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EVIL Teken 
Member - Posts: 5
Member spacespace
Joined: August 04, 2002
Location: Canada
Posted: July 16, 2009 at 6:35 PM / IP Logged  
I was asked to help out a friend who owns a 1991 Acura Integra. It appears that his electrical system some where is drawing 300-400 mA. One of the first thing we did was disconnect all third party accessarys from the vehicle, no change.
Next we pulled out all the fuses under the dash, still no change. After almost 5 weeks of on and off testing we are no closer as to what is drawing all this current from the battery. The only saving grace for this client is that he has a Optima Yellow Top battery.
As any other SLI battery would have died long ago, due to the complete run down of the battery.
Would like some idea's or feed back as to what else to look for. One of the things we have considered and will be looking into is all the wiring, given that the vehicle is so old, our thoughts are that many of the wiring harness's are rusted, and adding a large amount of resistance, but untill we check all the wiring harness one by one that is just a thought.
Would greatly appreciate any and all constructive feed-back on this. I have been in the electrical field for a very long time, and honestly I have never been so stumped on a current drain problem with out any clue or some where to go on.
As always many thanks to all...
Regards
EVIL Teken
i am an idiot 
Platinum - Posts: 13,491
Platinum spaceThis member consistently provides reliable informationspace
Joined: September 21, 2006
Location: Louisiana, United States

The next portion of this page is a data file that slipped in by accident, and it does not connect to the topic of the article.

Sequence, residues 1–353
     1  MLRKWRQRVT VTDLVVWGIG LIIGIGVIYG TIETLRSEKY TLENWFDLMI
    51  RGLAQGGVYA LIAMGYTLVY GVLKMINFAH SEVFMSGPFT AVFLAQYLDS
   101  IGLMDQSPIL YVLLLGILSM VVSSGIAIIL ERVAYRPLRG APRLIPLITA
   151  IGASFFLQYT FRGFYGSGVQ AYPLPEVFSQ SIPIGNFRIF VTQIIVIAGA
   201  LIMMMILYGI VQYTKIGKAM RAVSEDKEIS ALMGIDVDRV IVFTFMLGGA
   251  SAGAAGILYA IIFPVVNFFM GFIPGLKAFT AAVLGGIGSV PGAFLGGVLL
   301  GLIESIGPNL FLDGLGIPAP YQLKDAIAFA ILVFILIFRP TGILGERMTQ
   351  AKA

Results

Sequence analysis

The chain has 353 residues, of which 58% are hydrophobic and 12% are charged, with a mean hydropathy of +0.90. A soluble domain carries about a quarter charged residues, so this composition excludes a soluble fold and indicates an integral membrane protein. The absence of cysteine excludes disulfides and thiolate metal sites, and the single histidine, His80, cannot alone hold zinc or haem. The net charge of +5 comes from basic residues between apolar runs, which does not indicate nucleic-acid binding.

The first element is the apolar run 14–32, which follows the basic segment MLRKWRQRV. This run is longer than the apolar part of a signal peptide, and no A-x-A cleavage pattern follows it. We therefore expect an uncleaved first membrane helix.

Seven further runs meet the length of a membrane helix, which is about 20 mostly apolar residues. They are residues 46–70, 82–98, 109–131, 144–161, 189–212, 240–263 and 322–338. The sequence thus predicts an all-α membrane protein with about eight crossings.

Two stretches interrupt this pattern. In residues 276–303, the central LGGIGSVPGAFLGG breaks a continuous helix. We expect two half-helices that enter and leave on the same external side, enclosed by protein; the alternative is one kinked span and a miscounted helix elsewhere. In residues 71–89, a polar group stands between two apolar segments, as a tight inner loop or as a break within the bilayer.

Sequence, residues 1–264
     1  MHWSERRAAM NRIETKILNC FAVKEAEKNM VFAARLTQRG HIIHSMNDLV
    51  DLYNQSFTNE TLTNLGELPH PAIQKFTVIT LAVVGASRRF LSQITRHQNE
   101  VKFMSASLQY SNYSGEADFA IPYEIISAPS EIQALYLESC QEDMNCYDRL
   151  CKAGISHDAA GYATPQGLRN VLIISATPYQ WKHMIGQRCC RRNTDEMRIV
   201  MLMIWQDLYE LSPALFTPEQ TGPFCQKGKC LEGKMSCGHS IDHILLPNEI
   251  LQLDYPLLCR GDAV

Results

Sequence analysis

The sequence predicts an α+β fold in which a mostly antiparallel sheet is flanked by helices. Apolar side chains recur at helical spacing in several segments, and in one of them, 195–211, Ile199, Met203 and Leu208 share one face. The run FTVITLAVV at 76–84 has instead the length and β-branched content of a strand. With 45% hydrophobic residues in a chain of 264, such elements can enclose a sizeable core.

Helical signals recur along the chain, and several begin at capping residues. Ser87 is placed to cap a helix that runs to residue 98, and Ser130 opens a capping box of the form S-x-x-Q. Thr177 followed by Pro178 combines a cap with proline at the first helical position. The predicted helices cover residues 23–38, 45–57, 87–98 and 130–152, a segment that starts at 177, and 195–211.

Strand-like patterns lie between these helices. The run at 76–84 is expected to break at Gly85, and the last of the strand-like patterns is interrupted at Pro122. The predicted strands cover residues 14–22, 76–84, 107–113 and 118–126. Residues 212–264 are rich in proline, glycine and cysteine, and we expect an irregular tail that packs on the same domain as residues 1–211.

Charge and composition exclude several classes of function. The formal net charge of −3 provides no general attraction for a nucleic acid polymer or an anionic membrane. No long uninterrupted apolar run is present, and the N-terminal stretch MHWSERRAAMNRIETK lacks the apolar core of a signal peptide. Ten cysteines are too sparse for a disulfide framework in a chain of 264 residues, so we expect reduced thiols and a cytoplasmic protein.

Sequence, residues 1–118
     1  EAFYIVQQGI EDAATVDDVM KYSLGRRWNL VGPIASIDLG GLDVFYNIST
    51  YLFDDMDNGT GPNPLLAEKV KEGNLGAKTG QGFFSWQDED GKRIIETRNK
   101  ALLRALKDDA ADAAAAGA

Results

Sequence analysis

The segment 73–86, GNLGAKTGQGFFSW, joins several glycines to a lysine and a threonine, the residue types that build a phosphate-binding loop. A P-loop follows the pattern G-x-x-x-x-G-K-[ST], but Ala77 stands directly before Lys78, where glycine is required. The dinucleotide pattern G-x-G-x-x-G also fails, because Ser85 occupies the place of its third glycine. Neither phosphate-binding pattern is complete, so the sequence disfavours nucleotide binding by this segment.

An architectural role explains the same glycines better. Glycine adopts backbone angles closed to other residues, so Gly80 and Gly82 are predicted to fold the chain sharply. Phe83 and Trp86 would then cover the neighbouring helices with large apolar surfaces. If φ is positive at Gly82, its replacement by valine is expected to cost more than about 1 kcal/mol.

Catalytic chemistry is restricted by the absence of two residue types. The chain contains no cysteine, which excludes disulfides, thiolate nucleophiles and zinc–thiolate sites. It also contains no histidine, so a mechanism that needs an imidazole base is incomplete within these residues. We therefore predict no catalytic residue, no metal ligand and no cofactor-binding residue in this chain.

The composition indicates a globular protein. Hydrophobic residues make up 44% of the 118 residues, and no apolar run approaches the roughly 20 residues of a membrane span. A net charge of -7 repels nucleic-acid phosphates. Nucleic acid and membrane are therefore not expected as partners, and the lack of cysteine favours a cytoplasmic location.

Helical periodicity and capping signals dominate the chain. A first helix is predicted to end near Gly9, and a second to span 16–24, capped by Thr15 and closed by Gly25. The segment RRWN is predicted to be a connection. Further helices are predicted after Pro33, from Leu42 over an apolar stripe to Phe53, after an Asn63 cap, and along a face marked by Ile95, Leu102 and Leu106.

Posted: July 16, 2009 at 6:53 PM / IP Logged  
Is there an alarm system equipped with a starter kill relay installed on the car?   Have you disconnected the charge wire of the alternator?
Let's Go Brandon Brown. Congratulations on your first Xfinity Series Win.
EVIL Teken 
Member - Posts: 5
Member spacespace
Joined: August 04, 2002
Location: Canada
Posted: July 16, 2009 at 8:11 PM / IP Logged  
i am an idiot wrote:
Is there an alarm system equipped with a starter kill relay installed on the car?
Yes, there is.
[quote]Have you disconnected the charge wire of the alternator?[/QUOTE]
No, we have not.
i am an idiot 
Platinum - Posts: 13,491
Platinum spaceThis member consistently provides reliable informationspace
Joined: September 21, 2006
Location: Louisiana, United States
Posted: July 16, 2009 at 8:18 PM / IP Logged  
If the starter kill relay is wired incorrectly and staying engaged the entire time the alarm is armed, it will draw 160 Milliamps of current.  Remove the relay and see if the current draw drops.  Disconnect the large wire from the alternator and check current draw again.
Let's Go Brandon Brown. Congratulations on your first Xfinity Series Win.
EVIL Teken 
Member - Posts: 5
Member spacespace
Joined: August 04, 2002
Location: Canada
Posted: July 16, 2009 at 9:06 PM / IP Logged  
The vehicle is wired with a N.O. starter kill, but at this point we are unplugging every relay in the vehicle to see if anything changes. I will remove the primary wire from the alternator this week-end to see if anything should change.